You can also visit the Humhum waterfalls instead. The trek to Humhum takes about two hours. So, that’s four hours up and down. You need to hire a guide for this one. Talk to your autorickshaw driver for the arrangements.

If you want to get back to Dhaka by nightfall, its better to catch a bus at 6/7 from the town, so plan accordingly. On the way back, you can visit the pineapple gardens on the hills, take a stop at BTRI and walk around the tea gardens, have a cup of tea and fritters at Rangdhanu Tea Cabin inside the BTRI complex. Visit the famous Nilkantha Tea Cabin for the seven-layered tea and judge it for yourself. You can reserve an autorickshaw for the day and the driver will show you around the places himself.

After you’re done exploring almost everything, get back to the town to catch the bus and get back to Dhaka within the night. Sreemangal will definitely call you back. Next time perhaps, plan another trip for a day or two?

Traveller’s notebook: Kuala Lumpur

Have you ever had the urge to wake up in the morning and discover yourself in a different bed, in a different room, in another city? To go up to the window, look down at a busy street bustling with all kinds of people who speak different languages, in a country that’s not yours? A day that’s not your routine, an urge to explore this difference? That’s wanderlust.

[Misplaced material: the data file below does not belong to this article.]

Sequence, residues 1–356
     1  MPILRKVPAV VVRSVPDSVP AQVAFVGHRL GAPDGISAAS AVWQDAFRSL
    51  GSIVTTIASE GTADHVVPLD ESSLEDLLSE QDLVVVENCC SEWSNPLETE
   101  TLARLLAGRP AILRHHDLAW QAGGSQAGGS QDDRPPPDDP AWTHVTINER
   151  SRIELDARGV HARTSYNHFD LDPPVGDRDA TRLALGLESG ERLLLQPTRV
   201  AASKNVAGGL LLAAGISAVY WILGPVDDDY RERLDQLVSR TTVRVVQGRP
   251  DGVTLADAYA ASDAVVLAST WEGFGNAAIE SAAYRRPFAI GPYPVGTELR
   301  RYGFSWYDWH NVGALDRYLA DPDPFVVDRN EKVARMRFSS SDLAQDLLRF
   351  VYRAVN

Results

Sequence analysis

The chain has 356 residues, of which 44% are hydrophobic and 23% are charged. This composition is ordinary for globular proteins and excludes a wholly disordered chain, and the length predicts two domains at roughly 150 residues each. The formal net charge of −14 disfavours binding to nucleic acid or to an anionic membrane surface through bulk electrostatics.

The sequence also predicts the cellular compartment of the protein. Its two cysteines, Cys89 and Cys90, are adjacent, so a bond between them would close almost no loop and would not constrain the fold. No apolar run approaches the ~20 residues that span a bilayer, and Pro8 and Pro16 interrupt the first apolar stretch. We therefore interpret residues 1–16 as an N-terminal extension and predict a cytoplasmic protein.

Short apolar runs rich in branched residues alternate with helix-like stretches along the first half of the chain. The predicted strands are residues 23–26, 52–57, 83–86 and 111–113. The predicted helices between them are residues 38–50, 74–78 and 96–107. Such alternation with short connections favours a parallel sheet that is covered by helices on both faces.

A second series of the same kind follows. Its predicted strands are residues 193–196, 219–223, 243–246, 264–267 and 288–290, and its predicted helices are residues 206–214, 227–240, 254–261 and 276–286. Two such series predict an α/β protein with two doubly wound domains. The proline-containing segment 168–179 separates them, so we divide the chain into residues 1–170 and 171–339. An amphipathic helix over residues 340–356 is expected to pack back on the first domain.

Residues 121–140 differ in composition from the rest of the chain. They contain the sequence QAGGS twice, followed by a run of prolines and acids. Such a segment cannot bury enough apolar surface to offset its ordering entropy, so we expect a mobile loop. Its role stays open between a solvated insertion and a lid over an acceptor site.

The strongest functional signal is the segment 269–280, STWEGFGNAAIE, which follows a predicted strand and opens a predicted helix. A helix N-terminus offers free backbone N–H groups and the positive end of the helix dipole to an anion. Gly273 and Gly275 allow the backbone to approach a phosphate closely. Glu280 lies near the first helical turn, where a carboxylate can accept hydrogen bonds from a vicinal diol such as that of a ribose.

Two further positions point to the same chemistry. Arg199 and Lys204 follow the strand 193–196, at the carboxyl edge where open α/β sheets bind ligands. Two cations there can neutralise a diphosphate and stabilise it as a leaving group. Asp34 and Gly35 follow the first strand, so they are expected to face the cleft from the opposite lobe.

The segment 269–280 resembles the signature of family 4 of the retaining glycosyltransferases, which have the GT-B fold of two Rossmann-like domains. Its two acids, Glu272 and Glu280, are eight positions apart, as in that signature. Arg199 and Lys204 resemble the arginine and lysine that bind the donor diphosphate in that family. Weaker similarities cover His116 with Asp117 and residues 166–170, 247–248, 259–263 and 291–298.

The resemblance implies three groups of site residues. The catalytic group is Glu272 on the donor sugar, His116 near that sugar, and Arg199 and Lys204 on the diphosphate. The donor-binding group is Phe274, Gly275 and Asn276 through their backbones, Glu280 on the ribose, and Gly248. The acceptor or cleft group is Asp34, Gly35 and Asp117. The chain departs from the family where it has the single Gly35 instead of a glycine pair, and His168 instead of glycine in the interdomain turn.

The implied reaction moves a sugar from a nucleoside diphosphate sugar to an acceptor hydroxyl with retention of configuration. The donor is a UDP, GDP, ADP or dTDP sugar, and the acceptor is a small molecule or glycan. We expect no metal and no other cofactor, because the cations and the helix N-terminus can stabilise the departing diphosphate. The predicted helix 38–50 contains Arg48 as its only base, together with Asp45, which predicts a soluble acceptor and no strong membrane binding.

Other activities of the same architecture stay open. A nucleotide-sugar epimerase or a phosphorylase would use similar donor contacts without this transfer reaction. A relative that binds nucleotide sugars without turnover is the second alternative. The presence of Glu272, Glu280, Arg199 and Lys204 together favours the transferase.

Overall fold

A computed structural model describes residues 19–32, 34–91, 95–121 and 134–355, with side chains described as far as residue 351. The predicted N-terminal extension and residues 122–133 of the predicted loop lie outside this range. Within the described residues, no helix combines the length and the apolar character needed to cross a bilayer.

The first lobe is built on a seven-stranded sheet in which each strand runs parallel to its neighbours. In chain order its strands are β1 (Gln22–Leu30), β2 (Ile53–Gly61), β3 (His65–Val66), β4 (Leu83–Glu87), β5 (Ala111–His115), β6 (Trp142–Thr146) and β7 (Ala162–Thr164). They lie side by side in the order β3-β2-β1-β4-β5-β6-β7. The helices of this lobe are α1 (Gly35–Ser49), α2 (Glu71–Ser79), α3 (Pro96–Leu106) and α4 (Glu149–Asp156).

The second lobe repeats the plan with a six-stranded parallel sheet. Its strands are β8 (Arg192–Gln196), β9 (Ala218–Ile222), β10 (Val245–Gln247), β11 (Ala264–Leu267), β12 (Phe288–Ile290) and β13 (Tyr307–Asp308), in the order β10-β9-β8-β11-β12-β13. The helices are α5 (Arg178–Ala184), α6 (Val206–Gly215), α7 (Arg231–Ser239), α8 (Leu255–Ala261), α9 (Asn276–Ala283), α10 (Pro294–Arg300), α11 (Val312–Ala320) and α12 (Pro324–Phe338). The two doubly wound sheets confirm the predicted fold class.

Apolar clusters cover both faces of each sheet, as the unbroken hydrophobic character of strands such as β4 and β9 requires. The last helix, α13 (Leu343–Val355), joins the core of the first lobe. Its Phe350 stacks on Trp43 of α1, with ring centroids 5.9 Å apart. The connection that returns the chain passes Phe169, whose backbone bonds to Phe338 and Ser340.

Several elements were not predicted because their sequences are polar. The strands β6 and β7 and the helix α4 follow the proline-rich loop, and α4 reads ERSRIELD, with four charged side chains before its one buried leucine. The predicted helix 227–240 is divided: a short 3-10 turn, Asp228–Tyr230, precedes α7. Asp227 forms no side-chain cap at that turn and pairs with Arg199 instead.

We’re a generation of wanderers and we have long been a species of wanderers. What ties us to our 9-5 routine is not natural. We want to explore, even if we don’t realise it, each one of us, to our very core, are explorers.

And if you want to fire up your drive for exploration and your hunger to experience diversity, there is no better place to start your journey other than a short trip to Kuala Lumpur, Malaysia.


Malaysia, being one of the most attractive tourist destinations in Asia, sees a massive number of tourists every year. This mixture of tourists from different parts of the world only adds to the cultural diversity of Malaysia and is itself a bonus point for the tourists in this tropical island of Malay.

Getting a Malaysian visa is easy. Apply through an agency or go for the e-Visa. You’ll get your visa within seven days. A number of flights operate daily from Dhaka to Kuala Lumpur, the cheapest being Malindo. Malindo is recommended if you’re either travelling on a budget or if you’re reluctant to spend a fortune on a flight that lasts a mere 4 hours . The in-flight entertainment and the meal makes up for the small leg room.

Welcome to Kuala Lumpur